I no longer subscribe to the methods used by TMI, but I am interested to find out what happened to those folks. It was certainly a memorable time in my life and I was forever changed by it. I cannot remember the full names of anyone on my teams, and even if I did, the girls have likely taken their husband's names--the big problem with googling people you knew way back when. If any of you from Egypt Orphanage, 1983, or Norway Bike, 1984 find this blog, please drop me a line in the comments box, or go to my email address in my profile. I'd like to know what you're up to!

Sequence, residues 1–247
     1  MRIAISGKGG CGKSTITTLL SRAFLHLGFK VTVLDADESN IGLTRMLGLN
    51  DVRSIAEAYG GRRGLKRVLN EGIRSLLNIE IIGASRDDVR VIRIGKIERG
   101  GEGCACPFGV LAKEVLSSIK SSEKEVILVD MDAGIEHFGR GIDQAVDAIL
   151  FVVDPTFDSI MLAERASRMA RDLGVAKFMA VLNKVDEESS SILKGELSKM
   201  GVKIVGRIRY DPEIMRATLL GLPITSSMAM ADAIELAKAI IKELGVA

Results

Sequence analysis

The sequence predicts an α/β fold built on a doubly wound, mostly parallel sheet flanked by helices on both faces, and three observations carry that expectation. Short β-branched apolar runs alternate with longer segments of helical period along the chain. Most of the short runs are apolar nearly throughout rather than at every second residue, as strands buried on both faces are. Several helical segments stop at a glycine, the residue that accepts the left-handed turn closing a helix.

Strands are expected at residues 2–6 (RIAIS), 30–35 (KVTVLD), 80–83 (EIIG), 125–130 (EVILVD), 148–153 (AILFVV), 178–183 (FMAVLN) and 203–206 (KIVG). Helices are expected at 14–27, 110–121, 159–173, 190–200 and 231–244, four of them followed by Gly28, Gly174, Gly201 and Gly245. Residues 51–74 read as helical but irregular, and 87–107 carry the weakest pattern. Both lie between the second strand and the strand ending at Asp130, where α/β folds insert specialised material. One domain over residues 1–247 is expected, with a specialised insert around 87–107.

Monday, September 25, 2006

Trip Home

I forgot to add some finds we found on our trip home. First off, the only decent place to eat in Crescent City, it seems, is The Good Harvest, and it's not all that. 'Nuf said.

That was lunch, and dinner was much better, thank goodness! We had decided to stop for pizza in Eugene, but didn't know where. We were listening to the local NPR station just before we got there, and they happened to list a sponsor, which was CD World. Well, we'd been trying to find a place to buy the new Indigo Girls CD (turn up your volume and click) and this was it! We went there first and asked for a pizza recommendation. They recommended Cozmic Pizza. Mmmm, yum. Some of the best pizza I've ever had! And they have a bookstore right in the restaurant, and a coffee shop with an internet cafe, and a band was getting ready to play. (Though the band was pretty noisy setting up--loud sudden noises kept making me jump.)